Fittings: William Gaddis’ “Carpenter’s Gothic”

Gaddis, William (1999), Carpenter’s Gothic, Penguin
ISBN 0-14-118222-9

William Gaddis was probably one of the most celebrated writers in the English language in the latter half of the twentieth century. At his death in 1998 he was considered a major American writer despite having only four (a fifth, Agape, Agape, was posthumously published in 2002, as well as a collection of essays, The Rush for Second Place) novels to his credit. Two, JR, which is concerned with the world of finance, and A Frolic of his Own, which pokes fun at the law profession, have won the National Book Award. His chef d’oeuvre, the towering, enormous The Recognitions is the only one I have personally read, so far. Difficulty and, as trite an observation though it may seem, length, is one characteristic all three of these novels share. Carpenter’s Gothic, published in 1985, the third of his novels, is not very difficult and slim to boot. Thus, it’s no small wonder it has been given short shrift by many readers and is considered B-grade Gaddis.

For B-grade material, however, this is an amazing prose masterpiece. Even if every other novel by Gaddis were better than Carpenter’s Gothic, that’s no skin off CG’s back. This is a wonderful, extraordinarily written book. The plot is the least of it, yet it’s an grand plot with colorful characters that is generic yet consistently engaging. I have pointed out elsewhere on this blog how hard it is to make good genre books while trying to be ‘literary’. Dozens of boring books attest to that fact, for examples a few of Chabon’s genre forays, such as “The Final Solution”. Gaddis, however, has his generics down pat. The characters alone attest to that: the female protagonist, Liz, is a young beautiful heiress to a huge, evil conglomerate. She and her brother are not paid their full share though, they are paid from a trust fund. The conglomerate’s chief executive is also the one who controls the trust fund. His daughter is Liz’s best friend and richer than her, thanks to her father’s shady dealings.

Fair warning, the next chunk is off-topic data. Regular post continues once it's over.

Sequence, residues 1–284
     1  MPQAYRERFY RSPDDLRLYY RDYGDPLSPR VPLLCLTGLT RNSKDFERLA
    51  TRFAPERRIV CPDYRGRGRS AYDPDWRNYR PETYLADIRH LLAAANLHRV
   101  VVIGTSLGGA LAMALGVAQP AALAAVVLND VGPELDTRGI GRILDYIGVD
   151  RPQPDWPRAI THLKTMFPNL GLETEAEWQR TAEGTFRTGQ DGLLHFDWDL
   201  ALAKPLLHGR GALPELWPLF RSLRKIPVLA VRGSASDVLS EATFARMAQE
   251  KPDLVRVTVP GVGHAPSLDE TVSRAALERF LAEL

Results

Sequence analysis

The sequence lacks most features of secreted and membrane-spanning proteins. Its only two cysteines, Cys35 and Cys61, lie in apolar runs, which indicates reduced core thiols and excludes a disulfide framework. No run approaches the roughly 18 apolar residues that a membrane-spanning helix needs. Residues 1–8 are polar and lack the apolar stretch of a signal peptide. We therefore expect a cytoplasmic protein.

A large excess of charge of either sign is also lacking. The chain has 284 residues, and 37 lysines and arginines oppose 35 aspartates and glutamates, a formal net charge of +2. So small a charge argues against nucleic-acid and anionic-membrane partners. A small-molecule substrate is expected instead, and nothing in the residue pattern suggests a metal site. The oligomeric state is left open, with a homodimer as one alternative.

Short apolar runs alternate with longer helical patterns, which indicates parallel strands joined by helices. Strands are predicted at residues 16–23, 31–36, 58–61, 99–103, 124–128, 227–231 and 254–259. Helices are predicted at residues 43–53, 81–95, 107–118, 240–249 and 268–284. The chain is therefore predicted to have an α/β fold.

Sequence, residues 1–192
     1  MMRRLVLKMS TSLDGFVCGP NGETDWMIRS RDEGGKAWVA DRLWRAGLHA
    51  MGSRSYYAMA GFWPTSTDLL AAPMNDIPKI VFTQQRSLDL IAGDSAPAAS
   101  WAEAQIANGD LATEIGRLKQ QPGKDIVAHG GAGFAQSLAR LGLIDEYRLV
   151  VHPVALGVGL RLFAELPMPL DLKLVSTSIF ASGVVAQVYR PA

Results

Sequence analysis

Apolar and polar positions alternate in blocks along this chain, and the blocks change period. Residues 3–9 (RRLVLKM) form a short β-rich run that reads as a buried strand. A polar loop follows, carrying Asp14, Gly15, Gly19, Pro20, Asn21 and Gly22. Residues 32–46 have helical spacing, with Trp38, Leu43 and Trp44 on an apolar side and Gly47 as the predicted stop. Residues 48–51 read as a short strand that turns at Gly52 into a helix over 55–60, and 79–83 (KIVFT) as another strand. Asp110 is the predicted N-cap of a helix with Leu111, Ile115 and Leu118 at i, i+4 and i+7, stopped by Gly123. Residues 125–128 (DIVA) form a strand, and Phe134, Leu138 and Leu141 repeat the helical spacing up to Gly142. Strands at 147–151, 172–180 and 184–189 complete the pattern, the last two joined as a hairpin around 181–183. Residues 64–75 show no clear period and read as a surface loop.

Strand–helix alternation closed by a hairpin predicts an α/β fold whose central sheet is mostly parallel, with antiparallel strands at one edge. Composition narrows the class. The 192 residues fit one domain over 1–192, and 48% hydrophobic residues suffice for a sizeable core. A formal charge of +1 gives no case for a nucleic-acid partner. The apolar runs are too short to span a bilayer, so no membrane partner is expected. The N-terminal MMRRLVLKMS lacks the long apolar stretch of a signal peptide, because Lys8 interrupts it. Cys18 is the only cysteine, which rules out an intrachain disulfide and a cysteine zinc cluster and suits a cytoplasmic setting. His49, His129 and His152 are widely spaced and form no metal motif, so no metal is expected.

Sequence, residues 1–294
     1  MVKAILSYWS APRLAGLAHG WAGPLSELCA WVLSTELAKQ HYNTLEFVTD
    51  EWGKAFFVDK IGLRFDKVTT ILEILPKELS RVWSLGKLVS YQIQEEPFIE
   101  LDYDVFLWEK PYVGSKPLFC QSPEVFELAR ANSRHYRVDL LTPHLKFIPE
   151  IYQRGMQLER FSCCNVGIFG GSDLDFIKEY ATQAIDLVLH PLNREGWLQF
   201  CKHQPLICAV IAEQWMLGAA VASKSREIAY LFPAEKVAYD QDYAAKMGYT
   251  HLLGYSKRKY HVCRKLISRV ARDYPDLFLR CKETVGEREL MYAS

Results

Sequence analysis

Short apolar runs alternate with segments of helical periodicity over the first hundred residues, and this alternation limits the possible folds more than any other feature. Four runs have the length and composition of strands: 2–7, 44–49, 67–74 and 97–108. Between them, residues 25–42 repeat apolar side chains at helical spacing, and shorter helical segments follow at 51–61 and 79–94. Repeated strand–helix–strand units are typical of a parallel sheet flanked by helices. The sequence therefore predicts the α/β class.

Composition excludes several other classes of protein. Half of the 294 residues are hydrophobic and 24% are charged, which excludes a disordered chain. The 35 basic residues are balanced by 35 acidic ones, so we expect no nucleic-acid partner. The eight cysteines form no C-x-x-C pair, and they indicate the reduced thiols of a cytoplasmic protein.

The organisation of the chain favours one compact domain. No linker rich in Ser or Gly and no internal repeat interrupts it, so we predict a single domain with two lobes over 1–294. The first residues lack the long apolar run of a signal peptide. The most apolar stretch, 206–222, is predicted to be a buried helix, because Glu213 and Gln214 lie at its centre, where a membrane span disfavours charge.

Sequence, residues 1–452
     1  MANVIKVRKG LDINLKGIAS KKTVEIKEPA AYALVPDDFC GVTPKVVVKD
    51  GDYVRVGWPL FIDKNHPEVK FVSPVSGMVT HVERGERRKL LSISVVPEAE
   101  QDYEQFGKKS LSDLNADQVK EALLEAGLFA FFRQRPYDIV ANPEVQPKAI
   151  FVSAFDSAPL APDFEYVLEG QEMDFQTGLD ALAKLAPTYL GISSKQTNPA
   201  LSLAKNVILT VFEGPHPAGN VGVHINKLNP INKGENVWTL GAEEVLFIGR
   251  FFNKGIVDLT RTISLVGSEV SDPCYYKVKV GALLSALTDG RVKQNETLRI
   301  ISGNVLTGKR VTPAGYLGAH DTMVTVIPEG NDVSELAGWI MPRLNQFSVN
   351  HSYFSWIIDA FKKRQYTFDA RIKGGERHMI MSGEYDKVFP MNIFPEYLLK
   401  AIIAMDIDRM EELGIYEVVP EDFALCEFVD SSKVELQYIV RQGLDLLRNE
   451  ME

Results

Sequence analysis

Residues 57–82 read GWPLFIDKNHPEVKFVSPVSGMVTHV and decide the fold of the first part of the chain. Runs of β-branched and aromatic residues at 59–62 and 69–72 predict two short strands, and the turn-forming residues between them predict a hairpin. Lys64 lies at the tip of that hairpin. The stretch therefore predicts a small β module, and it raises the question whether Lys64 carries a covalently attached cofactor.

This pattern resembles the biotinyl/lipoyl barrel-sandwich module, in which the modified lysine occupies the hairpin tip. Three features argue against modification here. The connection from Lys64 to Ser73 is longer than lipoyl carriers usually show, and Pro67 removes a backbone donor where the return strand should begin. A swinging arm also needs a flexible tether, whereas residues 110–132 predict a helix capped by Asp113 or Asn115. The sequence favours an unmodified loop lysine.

Liz’s husband Paul, who may or may not have married Liz for her money, is an irascible media consultant for Reverent Ude, an evangelical priest, who is himself engaged in some shady affairs. Paul is a Vietnam veteran, who has come out of the war without decorations but with a lot of psychological damage. He is no Travis Bickle, though, Paul’s a functioning part of society. In fact, I personally thought that his psychological limitations are quite some help in his job. And he is very good in what he does, although he may not be the brightest bulb in the box. With everyone around him engaged in subterfuge and intrigue, Paul appears to grasp only a fraction of what is happening. Speaking of which, we should not forget the third major character, Mr. McCandless, a former teacher, who owns the house Liz and Paul are currently living in. His own background is a mystery. When asked by Billy, Liz’ brother:

“I mean what are you, some kind of geologist?”

He answers vaguely

“Yes. Yes you could put it that way, now…”

He may be involved in shady dealings, secret maps, clandestine knowledge about ore mines in Africa, or he may not. From these three characters a story is spun that gains speed as you turn the pages and comes to a violent and turbulent climax.

There are all sorts of tricks and games Gaddis plays with us. In a novel with an evangelist and his media consultant, the only fundamentalist ravings we get to read are McCandless’, who is a fervent atheist. They are amusing to read, and the only actual monologue we get served. Any bit from these rants is quotable, so I just use an early one:

Think I made it up? Like the name on that book there? You think ignorance isn’t dead serious? Red dirt, rolling hills, a rail line, trickle of a stream and a town grows up there, great trees meeting overhead down the main street and some civilized person names the place Chemin-couvert. A generation or two of ignorance settles in and you’ve got Smackover, a hundred years of it and you’ve got a trial like that one, defending the Bible against the powers of darkness they are doing more to degrade it taking every damned in it literally than any militant atheist could ever hope to. Foolishness bound in the heart of a child but the rod of correction shall drive it out so they whale the daylights out of their kids with sticks.